And so let’s talk about that jump. It’s one thing to be an equity person and say, “All right, I’m going to start trading. I’m going to start researching companies and stocks,” because there’s a pretty low bridge or bar to jump over to get working. Even doing some sort of simulations. There’s a lot of prepackaged software programs like Portfolio123 or the… There’s a ton of literature about stock screens. How many dozens if not hundreds of books are there about stock screens?

But for a trend follower, you hit a soft spot because I did my early simulations and still do most in Excel that spoke to me. But how’d you make that initial jump?


Well, I don’t think I was that comfortable at all even the day I started. I had not traded a futures contract the day before I made the first trade for the fund.


How nervous were you?


Very nervous.

I knew the math and I knew I was taking the right position size and all those things, and I had the correct distance to my exits and all those things, but it was still nerve wracking because here we go, real money’s on the line now. We’re not in the Excel spreadsheet anymore.

One thing that helped me was calling and emailing a bunch of trend followers at the time, and one in particular who has since retired, David Druz who retired after 42 years. I still have my notes from that call.

But I called him thinking, “I’m an idiot. I don’t know anything. I probably can’t do this. I’m not that smart. I was a baseball player.” All these negative self thoughts. And he’s like, “Hold on, hold on. You don’t need to be that smart to do this. You need to be very tough. You need to be organized,” and things like that. You don’t need to be some mathematician.

So he really didn’t give me any, say, technical advice, but that really helped calm me down to hear it from a guy who…

For your listeners who probably don’t know him, he finished his career with 15.6 annualized returns net of fees and expenses after 42 years. That is just absurd. I’m sure you could point to someone maybe better, but a continuous track record for that long is just ridiculous.


Which is funny because when you hear so many people in the media that just aren’t that familiar with trend following, they always say, “Oh, yeah, but there’s no long-term track records.” And I’m like, “There’s nothing but long-term track records.” A lot of these guys have stuck around as opposed to many hedge funds, traditional equity hedge funds, that close up shop after a little while. I’m like, “There’s a ton of these old school dudes that have been around since the eighties and nineties.” That’s a long ass time to be trading in futures markets and not get taken out to the cemetery.


Yes. So it speaks to their dedication, who they are. They are trend followers at their core. It’s not just a business to them, it’s what they do. It’s how they think, how they view the world.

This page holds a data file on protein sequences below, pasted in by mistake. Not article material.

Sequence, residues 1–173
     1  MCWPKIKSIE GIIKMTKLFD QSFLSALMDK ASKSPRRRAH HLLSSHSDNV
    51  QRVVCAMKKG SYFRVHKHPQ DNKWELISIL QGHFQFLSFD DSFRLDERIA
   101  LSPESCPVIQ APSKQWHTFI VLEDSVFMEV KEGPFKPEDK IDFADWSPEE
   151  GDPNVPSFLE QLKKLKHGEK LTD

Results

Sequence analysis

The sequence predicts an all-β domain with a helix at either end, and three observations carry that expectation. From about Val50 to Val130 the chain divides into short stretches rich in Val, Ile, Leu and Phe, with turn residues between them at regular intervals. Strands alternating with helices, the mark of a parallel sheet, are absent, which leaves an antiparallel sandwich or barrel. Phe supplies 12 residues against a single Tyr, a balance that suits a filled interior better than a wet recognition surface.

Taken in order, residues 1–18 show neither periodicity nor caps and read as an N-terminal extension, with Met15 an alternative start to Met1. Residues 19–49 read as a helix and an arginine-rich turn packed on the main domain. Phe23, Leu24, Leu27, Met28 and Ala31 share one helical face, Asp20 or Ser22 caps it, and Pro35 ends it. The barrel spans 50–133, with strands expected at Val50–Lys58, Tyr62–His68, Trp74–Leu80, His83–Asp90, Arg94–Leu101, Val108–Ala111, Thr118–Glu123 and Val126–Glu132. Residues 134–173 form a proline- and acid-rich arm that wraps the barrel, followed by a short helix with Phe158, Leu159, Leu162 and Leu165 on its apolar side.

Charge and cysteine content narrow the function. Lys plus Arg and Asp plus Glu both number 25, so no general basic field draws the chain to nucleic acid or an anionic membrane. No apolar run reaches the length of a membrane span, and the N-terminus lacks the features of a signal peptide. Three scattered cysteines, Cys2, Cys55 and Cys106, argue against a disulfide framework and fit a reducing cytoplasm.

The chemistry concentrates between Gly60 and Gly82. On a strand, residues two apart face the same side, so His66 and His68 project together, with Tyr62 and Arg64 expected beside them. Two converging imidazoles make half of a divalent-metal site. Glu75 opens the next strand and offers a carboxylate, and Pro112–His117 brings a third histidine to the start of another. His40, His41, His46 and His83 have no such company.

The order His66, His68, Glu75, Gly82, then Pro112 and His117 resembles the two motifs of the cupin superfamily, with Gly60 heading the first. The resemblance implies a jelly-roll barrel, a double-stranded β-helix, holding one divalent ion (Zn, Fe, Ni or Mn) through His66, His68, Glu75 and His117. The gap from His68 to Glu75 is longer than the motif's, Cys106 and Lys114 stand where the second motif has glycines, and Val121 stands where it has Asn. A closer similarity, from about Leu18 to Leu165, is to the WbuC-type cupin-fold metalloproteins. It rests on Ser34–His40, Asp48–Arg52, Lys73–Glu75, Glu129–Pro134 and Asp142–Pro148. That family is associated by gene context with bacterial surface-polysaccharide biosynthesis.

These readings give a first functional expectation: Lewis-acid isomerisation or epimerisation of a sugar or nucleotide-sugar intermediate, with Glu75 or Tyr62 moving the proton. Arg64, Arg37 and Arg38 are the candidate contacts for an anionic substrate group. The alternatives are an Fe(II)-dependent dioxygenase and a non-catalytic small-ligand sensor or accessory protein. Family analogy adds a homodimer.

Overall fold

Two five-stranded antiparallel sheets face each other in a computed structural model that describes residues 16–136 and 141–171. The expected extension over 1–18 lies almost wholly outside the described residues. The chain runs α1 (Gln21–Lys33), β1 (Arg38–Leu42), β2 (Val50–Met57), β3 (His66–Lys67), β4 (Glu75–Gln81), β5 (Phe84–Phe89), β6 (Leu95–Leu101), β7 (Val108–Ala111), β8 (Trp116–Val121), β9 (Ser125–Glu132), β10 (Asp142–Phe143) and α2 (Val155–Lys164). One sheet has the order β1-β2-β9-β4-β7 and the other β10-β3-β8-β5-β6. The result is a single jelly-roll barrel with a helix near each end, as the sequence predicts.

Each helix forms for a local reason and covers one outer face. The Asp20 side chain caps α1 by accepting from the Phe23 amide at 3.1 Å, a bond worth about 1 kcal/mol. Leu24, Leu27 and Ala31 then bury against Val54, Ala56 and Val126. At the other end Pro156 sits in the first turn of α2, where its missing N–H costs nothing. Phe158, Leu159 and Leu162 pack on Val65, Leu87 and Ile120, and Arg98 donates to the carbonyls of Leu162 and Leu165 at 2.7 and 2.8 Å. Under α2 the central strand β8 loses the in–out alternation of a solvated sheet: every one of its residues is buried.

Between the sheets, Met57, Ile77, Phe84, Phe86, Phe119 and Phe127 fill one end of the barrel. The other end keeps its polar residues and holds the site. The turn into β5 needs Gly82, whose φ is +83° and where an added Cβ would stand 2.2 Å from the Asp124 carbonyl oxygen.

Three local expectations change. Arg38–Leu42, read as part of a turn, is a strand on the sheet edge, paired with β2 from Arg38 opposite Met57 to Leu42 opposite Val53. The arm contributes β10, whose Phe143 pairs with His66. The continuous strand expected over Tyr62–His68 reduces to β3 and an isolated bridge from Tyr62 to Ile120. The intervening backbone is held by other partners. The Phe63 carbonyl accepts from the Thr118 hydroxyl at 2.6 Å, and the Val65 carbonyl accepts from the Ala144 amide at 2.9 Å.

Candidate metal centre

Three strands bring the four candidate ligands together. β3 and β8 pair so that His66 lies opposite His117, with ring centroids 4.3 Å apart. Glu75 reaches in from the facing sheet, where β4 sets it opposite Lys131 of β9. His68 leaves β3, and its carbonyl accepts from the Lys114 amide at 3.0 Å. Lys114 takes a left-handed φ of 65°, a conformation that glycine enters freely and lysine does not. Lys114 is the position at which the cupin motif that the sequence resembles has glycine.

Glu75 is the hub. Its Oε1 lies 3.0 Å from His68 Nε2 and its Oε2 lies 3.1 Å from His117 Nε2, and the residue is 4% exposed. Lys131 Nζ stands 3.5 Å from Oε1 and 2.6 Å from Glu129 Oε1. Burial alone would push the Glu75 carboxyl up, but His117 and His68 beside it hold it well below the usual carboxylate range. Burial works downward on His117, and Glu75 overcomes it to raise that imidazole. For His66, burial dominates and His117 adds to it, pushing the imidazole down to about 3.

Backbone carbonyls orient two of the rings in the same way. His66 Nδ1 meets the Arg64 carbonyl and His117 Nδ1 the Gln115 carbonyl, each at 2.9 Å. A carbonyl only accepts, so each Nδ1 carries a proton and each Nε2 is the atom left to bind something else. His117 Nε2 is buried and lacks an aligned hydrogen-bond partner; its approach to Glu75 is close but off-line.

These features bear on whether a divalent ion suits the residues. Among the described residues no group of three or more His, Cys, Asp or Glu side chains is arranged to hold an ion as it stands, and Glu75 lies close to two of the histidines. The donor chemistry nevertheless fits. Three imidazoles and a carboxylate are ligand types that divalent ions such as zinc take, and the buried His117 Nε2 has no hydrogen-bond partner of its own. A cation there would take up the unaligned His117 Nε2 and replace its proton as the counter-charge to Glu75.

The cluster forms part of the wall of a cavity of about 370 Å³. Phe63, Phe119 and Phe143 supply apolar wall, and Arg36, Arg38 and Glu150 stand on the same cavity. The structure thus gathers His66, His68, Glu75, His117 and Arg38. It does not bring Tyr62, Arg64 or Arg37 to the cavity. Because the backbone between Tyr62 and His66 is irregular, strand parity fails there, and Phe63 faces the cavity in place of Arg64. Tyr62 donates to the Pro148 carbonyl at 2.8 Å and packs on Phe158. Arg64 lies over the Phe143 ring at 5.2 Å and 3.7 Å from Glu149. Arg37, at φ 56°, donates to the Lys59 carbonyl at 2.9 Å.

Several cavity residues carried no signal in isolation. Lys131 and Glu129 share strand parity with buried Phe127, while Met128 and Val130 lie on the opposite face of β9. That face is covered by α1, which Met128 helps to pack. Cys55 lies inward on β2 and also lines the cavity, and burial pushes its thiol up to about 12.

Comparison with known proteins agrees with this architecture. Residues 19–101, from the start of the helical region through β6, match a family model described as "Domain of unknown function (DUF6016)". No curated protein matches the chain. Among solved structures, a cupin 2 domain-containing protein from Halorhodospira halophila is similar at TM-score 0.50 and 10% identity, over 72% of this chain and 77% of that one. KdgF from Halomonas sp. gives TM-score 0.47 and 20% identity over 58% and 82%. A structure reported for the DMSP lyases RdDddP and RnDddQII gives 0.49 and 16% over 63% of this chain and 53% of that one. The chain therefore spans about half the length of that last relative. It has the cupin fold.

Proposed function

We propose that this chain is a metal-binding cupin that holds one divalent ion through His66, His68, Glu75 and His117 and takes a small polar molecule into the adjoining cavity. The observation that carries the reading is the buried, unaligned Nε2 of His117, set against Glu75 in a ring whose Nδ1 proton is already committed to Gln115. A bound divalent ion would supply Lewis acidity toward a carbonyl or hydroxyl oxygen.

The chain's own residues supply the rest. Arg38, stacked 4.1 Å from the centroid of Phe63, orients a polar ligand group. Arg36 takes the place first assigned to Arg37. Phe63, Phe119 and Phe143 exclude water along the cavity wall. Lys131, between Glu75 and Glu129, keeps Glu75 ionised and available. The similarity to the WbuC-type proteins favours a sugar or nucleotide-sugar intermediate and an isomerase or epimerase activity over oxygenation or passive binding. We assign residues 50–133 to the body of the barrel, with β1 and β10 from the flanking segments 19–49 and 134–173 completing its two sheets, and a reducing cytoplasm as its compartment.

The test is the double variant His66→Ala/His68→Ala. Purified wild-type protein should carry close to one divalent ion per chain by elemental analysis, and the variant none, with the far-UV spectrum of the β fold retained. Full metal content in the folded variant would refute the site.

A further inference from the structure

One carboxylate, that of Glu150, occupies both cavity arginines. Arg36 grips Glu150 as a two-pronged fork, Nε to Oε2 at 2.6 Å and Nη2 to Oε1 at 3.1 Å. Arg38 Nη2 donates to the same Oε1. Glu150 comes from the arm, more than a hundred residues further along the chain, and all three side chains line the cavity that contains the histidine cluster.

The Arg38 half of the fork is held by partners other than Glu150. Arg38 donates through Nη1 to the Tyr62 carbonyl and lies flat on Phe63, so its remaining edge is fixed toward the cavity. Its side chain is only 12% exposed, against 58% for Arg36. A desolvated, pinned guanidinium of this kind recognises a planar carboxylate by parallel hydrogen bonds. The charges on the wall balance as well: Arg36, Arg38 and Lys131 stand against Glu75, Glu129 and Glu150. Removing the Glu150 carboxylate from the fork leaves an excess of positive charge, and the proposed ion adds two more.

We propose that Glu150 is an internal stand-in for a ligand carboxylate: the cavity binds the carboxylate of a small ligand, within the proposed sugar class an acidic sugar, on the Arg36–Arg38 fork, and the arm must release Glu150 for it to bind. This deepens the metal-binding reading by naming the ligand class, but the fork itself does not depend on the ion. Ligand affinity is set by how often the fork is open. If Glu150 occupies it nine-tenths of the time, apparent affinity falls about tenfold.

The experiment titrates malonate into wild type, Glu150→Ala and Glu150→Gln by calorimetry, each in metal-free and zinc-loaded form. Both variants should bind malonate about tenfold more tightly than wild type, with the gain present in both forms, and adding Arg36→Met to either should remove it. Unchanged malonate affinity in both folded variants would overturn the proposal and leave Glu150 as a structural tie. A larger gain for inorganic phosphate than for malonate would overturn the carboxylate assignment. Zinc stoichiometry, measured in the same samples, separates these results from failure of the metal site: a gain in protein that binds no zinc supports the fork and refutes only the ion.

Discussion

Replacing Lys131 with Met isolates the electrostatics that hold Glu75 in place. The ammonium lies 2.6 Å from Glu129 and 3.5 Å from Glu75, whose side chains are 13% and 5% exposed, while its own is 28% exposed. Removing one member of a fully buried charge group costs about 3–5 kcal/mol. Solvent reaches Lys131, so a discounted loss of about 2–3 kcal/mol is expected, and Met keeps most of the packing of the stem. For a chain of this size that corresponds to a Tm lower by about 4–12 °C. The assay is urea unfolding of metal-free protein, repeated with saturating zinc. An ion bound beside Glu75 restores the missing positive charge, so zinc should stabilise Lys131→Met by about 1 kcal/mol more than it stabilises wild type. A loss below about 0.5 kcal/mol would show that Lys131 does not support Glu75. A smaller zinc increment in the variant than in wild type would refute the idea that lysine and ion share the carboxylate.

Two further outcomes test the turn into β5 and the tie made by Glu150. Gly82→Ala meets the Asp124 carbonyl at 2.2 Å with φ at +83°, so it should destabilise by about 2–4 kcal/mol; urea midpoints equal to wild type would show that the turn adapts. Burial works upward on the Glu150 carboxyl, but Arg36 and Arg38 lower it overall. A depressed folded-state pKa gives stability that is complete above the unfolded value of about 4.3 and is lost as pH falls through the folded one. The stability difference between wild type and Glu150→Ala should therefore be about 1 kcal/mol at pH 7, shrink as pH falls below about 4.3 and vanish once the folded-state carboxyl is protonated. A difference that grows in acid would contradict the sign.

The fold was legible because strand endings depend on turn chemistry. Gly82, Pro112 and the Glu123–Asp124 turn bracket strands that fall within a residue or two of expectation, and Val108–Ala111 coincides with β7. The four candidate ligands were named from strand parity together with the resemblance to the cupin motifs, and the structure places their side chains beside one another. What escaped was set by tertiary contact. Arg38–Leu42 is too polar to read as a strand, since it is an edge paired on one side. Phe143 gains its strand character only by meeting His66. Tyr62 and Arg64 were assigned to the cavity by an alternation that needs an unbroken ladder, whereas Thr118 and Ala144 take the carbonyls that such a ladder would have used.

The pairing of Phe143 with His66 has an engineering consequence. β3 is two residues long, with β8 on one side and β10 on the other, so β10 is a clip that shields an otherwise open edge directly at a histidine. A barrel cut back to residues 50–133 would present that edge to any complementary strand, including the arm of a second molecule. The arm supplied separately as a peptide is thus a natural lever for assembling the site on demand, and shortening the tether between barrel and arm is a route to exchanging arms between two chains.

So I guess back to what made me more comfortable, it was really just spending a lot of time, a lot of time with the pencil and the pad and making sure the math was correct before I got going, but then you ultimately have to adapt to what your situation is.

Druz at the time I believe was trading a hundred million and Jerry Parker at the time trading a billion. John Henry, same, a billion. Done. So these were guys that were well-established and all that.

I knew I wasn’t going to be able to start like that with trading dozens and dozens of markets and multiple systems and all these complex rules and things. So I started with $300,000 so I could only trade 11 markets, and I just picked the very crude way of picking of a fixed portfolio was trade a couple of agriculture, trade with-


Started with letter A and just went down the alphabet?


Kind of. You break the futures markets up into their sector. So you got the currencies, the interest rates, the stock indexes, and the commodities. So just take a few from each, get equal exposure, do the best you can.

And I still remember I picked gold over silver and silver went nuts in spring of 2011. I was like, “[inaudible 00:08:42].” I got to stupid gold. It’s doing okay. But silver went bonkers then. I forget exactly what the percentage rally was, but it wasn’t anywhere near gold. But then silver crashed, which would’ve been fine, but on the short side, but gold took off a little bit later. So I felt, “Ah, okay, okay. At least, I got something out of that.”

All that started to get me thinking about, “Oh, yeah, I need to have more. I need to trade more. I need to observe everything. I can’t just pick 11. The statistics aren’t as strong when you just pick 11 versus say 50,” as you mentioned, 50 or a hundred, and now I trade over a hundred different markets.

But again, you have to get there as your situation evolves. So now the fund’s much bigger and it can handle a lot more markets and more systems and things.